Weblog on the Internet and public policy, journalism, virtual community, and more from David Brake, a Canadian academic, consultant and journalist
22 January 2005

Ethan Zuckerman has written thoughtfully about Wikipedia in response to a recent “article”:http://www.techcentralstation.com/111504A.html (by a former editor of the Encyclopedia Britannica) suggesting it is impressive but its accuracy cannot be guaranteed. Zuckerman points out that Wikipedia is great if you are looking for in-depth coverage of (say) how “GSM”:http://en.wikipedia.org/wiki/GSM works but, ‘when I use Wikipedia to obtain information that I could find in a conventional encyclopedia, I often have a terrible experience, encountering articles that are unsatisfying at best and useless at worst.’

Danah Boyd notes usefully that one of the benefits of signed, scholarly resources over community ones like Wikipedia is that “scholars have something to lose”:http://www.zephoria.org/thoughts/archives/2005/01/08/on_a_vetted_wikipedia_reflexivity_and_investment_in_quality_aka_more_responses_to_clay.html when they get things wrong.

Perhaps not surprisingly, the debate about the quality of Wikipedia has spread fairly widely across the Internet punditsphere. It now even has its own “wiki page”:http://www.emacswiki.org/cw/WikipediaQualityControlDebate which attempts to summarise the debate (and if you use a blog search tool like “Bloglines”:http://www.bloglines.com/citations?url=http://www.techcentralstation.com/111504A.html you’ll find 83 more sites with something to say on the subject).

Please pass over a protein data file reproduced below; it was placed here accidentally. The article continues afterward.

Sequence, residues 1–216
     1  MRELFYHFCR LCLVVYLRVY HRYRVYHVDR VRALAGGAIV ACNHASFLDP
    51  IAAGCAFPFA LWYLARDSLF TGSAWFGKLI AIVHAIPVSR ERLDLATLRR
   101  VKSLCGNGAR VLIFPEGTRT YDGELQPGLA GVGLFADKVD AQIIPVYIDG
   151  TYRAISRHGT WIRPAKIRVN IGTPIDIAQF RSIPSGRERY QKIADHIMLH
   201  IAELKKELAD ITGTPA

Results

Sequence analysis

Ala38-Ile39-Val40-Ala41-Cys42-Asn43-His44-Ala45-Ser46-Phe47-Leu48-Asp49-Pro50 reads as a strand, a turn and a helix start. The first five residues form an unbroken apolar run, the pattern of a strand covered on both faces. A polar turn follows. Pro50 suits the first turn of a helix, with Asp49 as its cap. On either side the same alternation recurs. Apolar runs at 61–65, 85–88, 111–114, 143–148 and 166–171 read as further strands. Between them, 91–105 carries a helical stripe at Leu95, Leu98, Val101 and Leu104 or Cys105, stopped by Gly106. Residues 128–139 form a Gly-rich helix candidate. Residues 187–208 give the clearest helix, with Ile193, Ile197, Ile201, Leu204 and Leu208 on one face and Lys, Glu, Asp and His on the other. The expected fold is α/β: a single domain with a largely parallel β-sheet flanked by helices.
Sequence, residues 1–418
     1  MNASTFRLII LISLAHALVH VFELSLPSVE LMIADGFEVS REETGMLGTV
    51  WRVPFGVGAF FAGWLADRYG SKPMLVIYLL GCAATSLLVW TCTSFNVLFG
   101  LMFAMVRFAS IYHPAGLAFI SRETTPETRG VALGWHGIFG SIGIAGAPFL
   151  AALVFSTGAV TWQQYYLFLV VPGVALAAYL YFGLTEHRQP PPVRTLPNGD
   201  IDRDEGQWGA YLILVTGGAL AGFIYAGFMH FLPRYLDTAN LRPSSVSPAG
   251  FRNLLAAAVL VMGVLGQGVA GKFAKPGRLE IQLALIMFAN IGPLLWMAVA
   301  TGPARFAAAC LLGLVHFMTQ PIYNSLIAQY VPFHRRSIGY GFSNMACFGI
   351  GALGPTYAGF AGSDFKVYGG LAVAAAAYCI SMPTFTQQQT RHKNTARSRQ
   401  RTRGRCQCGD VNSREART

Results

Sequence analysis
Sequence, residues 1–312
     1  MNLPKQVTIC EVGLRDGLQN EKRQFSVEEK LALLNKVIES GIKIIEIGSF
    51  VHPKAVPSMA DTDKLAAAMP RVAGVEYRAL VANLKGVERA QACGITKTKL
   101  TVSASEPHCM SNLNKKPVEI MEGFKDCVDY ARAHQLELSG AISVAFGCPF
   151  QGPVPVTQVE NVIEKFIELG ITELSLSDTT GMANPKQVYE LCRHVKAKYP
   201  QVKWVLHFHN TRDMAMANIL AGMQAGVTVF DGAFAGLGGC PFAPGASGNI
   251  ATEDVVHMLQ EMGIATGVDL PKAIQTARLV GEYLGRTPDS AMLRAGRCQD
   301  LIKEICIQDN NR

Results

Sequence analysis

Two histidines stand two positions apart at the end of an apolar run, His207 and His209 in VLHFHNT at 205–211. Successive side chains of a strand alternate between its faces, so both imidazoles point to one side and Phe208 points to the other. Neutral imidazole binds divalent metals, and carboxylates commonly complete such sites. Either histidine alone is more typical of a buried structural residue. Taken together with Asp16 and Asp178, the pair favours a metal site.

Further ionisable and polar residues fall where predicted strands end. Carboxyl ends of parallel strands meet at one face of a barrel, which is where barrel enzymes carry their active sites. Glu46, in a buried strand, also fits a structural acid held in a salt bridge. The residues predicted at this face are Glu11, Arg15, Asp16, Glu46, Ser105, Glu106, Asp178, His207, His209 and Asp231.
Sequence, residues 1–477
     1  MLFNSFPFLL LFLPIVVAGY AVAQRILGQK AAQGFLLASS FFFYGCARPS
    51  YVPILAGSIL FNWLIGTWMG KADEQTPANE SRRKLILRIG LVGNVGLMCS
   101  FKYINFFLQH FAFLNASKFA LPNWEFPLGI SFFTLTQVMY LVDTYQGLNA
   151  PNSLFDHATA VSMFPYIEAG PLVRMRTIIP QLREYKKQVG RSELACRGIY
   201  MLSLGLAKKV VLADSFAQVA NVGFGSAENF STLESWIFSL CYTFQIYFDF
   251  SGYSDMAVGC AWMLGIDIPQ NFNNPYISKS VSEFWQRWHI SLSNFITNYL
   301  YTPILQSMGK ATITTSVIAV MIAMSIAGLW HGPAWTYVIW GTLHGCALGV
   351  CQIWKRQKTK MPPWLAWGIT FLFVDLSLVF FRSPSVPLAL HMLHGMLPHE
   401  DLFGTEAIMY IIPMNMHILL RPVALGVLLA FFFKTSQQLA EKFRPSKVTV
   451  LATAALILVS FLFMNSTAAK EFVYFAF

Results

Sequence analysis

P.S. Sorry if this is coming to the debate rather late – I am not doing as much blogging as I used to to free up time for writing my PhD about it instead – and where I am blogging I tend to do it on the “Media@LSE Group Weblog at get.to/lseblog”:http://groupblog.workasone.net/index.php I set up. In the last few weeks I have blogged about “Korea leading the world in numbers of bloggers”:http://groupblog.workasone.net/index.php?p=39, a “database of predictions about the Internet”:http://groupblog.workasone.net/index.php?p=28 “Santa Studies”:http://groupblog.workasone.net/index.php?p=23, “Online transcription services”:http://groupblog.workasone.net/index.php?p=22, “The Economics of Search”:http://groupblog.workasone.net/index.php?p=15 and the “global broadband digital divide”:http://groupblog.workasone.net/index.php?p=20 (and my colleagues in the LSE’s PhD programme have also had several interesting things to post). Pleas come and take a look (at least if you want to hear about the academic side of my life).


  1. You, and your readers, may be interested in the following paper:

    Emigh, W., and Herring, S. C. (2005). Collaborative authoring on the Web: A genre analysis of online encyclopedias. Proceedings of the Thirty-Eighth Hawai’i International Conference on System Sciences (HICSS-38). Los Alamitos: IEEE Press. Available at: http://ella.slis.indiana.edu/~herring/wiki.pdf

    Comment by Lois — 22 January 2005 @ 5:34 pm

  2. Cant commment on Envyvlopedias but suggest you read at your ealiest convenience “The Lexus and the Olive Tree” by Thomas Freidman. Great insights, easy to read and very instructional

    Comment by Russell Brake — 23 January 2005 @ 4:06 am

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